Huff and Puff

John Sutherland

  • We Should Know Better by George Walden
    Fourth Estate, 231 pp, £9.99, September 1996, ISBN 1 85702 520 2
  • All Must Have Prizes by Melanie Phillips
    Little, Brown, 384 pp, £17.50, September 1996, ISBN 0 316 88180 5

Every summer, with the absence of Parliamentary news and the arrival of GCSE, A-level and degree results, the great education debate starts up again. This year’s is accompanied by two jeremiads: one from a politician, the other from a journalist. Both aim at a mass audience. All Must Have Prizes is promoted by its publisher as ‘the book every parent must read’; We Should Know Better is held to ‘chime in with the current collective mood of the nation in much the same way as Will Hutton’s bestselling The State of the Nation did last year’.

In education, it seems, we have never had it so bad. Both books are one-idea affairs whose extravagantly pessimistic analysis is delivered as woe-unto-this-nation polemic. Without, that is, tedious research or first-hand experience of their subject. Neither can have taken more than a few months to dash off. None the less, each one has the answers. Of the two, the politician’s is by far the better. Walden’s one idea is that Britain has a segregated school system which nobody, for their own disreputable reasons, will talk about – except George Walden, who for the last year or two has talked about nothing else. This ‘apartheid’ unbalances the quality of education which our children receive and hypostatises malign aspects of the British class structure. Walden estimates (the source of his information is uncited in the interest of keeping his book ‘jargon-free’) that 7 per cent of the school population is in the private sector. This tiny cohort attracts a per capita investment three times larger than pupils in the state sector. Products of the ‘independent’ schools thrive accordingly. In 1994, 46 per cent of all Oxbridge entrants came from the private sector.

Like others in the Tory Party before him, George Walden has discovered that there are two nations. One is getting all the educational gravy. ‘As long as our independent sector remains divorced from the national educational enterprise, our state system is condemned to mediocrity,’ he prophesies. Reuniting divorced parties is a tricky business. Clearly if Walden, who was a minister for education, couldn’t even start Britain down that road, the great educational harmony is not going to be easily achieved.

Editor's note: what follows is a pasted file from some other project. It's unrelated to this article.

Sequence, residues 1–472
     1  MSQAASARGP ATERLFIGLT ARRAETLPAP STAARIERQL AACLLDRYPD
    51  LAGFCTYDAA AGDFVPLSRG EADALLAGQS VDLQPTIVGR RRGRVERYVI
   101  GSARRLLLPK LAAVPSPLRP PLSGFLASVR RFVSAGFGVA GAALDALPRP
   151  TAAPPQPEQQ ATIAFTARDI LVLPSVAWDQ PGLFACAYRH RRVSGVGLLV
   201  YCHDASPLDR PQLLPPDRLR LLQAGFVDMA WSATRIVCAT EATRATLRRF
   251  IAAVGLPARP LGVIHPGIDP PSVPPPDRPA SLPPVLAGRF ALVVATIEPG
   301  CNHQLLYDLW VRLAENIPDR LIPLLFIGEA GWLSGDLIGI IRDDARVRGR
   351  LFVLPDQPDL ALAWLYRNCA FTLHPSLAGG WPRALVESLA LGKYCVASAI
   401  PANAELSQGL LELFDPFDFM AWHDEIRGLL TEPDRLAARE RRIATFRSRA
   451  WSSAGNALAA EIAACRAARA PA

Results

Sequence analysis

What makes We Should Know Better a good read is the author’s satire on our little English hypocrisies. He is amusing on ‘the codes of silence’, the doublethink, the complacencies that constrain useful discussion of the subject. Politicians – more prudent than he is, and therefore able to stay in high office longer than he did – resolutely see no evil: ‘Education Crisis? What Education Crisis?’ Aspiring middle-class parents (even Labour shadow ministers) genuflect to the state system, cross their fingers behind their backs and send their children to private schools. Walden is shrewd, funny and, I believe, wholly correct about the demoralising effect of this middle-class defection to the traditional educational enclaves of the rich and aristocratic:

What distinguishes British teachers in the state sector from their co-professionals in Europe is not just the relatively low status of education, though that is a factor. From their first day in the classroom, however gifted or dedicated they may be, at the back of their minds our teachers know that a million of the richest, most influential and frequently most educationally discerning parents in the country will go to any lengths not to send their children to the schools where they teach. They will spend their savings, remortgage their homes, borrow money at exorbitant rates, beg cash from aged relatives, drive battered cars and insist that they have always preferred to spend their holidays in Cornwall and the Yorkshire Dales rather than Provence or Umbria – anything to avoid consigning their progeny to the schools used by the majority of their countrymen.

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